Last week, I promised an analysis of the baby monitor system that was hacked, to the detriment of a family in Texas. This analysis is based on the little information I have about the system and follows several standards for information security analysis.
The analysis occurs in three basic domains: Confidentiality, Integrity and Availability. Each of these three are then seen in three aspects: Storage, Transit and Processing. Each of these nine domain aspects pose risks. Each risk have a degree of probability and consequence.
Storage: From the promotional video at Foscam, storage is on the device itself. Hence storage is as safe as the location itself. From this, one can assume that a potential intruder will take the camera and therefore render it useless as an instrument of surveillance.
Transit: I do not have information of whether transit is encrypted or not. However, in order to access the camera from the Internet, you go to Foscam's web site in order to access an outgoing tunnel from the camera. Security from that point on is based on username/password, which we know is subject to social engineering.
Processing: Access to the camera means access to anything you might be doing to the camera. So not is your surveillance accessible, but your use of it is also available, and setting you do might be altered by, say, turning off alarms.
Storage: Assuming the system has been breached, all integrity of camera storage is also compromised. The major issue is mode of access.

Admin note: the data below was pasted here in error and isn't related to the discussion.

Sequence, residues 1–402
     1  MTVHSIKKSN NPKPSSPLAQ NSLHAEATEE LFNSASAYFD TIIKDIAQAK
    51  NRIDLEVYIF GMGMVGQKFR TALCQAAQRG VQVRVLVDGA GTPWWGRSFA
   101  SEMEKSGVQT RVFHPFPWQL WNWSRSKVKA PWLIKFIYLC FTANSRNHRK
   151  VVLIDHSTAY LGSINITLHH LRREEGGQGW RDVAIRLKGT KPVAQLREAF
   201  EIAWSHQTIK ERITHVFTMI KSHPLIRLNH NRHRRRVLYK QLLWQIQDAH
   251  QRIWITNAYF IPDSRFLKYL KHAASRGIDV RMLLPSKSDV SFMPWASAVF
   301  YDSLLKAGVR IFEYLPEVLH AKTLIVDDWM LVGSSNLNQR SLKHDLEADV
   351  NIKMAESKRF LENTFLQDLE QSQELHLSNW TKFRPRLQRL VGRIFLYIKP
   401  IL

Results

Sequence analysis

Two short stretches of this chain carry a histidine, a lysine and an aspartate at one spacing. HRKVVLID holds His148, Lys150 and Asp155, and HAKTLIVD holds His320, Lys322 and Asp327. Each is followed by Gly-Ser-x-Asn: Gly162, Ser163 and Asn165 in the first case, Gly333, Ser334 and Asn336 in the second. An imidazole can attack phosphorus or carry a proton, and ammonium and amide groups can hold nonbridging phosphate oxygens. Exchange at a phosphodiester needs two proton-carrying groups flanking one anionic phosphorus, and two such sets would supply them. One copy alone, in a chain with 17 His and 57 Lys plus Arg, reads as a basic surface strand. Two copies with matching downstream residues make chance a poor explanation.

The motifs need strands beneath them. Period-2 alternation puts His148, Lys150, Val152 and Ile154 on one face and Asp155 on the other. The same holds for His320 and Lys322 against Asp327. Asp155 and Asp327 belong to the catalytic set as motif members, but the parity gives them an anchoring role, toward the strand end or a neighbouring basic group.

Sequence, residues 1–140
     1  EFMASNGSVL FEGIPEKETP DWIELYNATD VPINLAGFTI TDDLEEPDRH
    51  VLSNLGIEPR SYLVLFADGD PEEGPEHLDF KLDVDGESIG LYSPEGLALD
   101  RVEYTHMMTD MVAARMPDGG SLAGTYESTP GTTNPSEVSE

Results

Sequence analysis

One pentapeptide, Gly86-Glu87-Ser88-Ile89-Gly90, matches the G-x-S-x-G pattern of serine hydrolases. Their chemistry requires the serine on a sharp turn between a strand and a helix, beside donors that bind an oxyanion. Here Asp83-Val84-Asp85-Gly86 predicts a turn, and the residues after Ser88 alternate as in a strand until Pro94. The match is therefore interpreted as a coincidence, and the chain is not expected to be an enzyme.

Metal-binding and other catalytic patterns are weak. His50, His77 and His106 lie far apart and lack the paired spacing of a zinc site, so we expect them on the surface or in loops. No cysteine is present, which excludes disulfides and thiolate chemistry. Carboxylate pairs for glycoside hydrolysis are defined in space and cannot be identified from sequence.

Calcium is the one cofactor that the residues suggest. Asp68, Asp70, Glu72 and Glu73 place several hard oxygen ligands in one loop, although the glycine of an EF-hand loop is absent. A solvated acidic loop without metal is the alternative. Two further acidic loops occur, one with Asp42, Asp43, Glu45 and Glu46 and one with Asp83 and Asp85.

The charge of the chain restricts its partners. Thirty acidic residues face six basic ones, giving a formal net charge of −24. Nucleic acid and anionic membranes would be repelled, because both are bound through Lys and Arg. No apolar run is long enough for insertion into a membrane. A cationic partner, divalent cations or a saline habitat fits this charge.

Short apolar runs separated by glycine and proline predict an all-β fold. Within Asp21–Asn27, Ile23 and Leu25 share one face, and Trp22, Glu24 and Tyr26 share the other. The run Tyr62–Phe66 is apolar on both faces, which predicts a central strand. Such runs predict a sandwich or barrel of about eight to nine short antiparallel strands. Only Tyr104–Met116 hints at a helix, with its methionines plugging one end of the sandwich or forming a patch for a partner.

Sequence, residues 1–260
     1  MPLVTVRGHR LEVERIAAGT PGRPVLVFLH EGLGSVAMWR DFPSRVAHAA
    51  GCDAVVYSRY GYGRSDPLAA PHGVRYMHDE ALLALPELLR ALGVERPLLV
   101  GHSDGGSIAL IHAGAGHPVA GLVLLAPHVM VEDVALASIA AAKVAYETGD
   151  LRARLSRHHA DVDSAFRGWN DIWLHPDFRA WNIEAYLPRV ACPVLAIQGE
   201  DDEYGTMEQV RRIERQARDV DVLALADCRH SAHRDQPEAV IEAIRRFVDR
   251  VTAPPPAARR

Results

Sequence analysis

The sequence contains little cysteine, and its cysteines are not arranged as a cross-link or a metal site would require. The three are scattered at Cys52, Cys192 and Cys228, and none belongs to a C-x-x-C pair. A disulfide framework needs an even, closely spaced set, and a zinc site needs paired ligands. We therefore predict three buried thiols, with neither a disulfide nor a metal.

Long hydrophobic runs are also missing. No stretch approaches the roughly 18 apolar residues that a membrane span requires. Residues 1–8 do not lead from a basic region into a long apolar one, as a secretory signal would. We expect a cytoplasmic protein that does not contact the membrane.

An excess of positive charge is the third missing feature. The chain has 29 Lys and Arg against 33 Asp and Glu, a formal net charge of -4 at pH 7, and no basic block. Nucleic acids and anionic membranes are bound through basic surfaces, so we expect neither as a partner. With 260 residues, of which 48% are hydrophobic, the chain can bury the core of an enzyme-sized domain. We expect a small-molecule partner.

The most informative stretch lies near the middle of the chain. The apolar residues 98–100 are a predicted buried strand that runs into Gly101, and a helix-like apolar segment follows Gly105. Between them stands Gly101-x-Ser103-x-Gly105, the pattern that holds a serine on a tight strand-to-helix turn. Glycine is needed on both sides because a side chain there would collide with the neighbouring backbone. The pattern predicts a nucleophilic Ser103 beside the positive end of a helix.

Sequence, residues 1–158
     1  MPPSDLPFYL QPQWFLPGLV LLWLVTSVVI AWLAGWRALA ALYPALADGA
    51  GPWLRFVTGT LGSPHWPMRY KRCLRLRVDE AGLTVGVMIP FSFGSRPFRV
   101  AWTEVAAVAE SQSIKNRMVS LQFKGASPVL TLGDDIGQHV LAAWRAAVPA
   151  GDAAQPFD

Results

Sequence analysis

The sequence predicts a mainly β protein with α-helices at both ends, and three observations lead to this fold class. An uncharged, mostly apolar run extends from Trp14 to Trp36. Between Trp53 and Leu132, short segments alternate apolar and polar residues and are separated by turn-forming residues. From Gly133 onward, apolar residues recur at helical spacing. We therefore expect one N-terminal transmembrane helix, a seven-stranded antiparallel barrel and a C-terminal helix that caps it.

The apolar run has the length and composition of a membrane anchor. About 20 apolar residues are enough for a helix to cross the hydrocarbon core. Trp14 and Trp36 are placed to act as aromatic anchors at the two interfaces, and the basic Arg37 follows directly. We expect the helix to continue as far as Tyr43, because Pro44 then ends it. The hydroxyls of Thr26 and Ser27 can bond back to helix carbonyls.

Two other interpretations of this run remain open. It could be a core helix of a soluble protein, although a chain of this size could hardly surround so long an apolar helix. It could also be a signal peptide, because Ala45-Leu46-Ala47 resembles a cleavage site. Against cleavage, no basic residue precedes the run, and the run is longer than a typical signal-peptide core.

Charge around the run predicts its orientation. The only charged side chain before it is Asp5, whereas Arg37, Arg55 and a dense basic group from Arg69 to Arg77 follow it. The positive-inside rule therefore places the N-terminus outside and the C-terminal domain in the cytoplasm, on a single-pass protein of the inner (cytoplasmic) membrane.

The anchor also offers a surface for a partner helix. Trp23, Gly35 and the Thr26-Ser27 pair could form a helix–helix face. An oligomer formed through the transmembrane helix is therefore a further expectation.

Transit: Centralized access means easy man-in-the-middle attack. This would also reveal username/password.
Processing: Man-in-the-middle attack could potentially give you recorded images.
Storage: Loss of Internet connectivity will not affect storage. Au contraire, my friend. :)
Transit: Loss of Internet connection reduces global availability. Can the camera be accessed diretly from you LAN, or do you have to go via the web site?
Processing: Loss of Internet connection reduces global availability. A breach allows hacker to change password and lock you out of your own camera.
The main risks of the device is the camera's availability through the Internet. Even secure connections are subject to man-in-the-middle attacks, and hacking the company's server will also allow a hacker full access to all cameras.
A firmware update for the camera has arrived to force users to change the default admin password because, as we know, this is where the first fail occurs. It is now also possible to change the admin user name. This will certainly eliminate the easiest brute force attack (select camera, enter default admin password and you're set), but it is still only a delay.
It would be more secure if the camera only accepted access by devices with a specific encryption certificate, installable on the accessing device only when connected to your LAN. Though this approach heightens the threshold to use its Internet connection, that might be a threshold parents should be required to step up to, so that they truly understand the risks they are about to subject their children to. But it won't stop access from the NSA.
However, it is typical for these cameras to also be available directly on your LAN without going through the Internet. And using it as a baby monitor, that is all you really should need. So block the camera's Internet connection, and it's safe to use. If you need surveillance when you're not at home, you'd want a device that
stores your recordings somewhere else.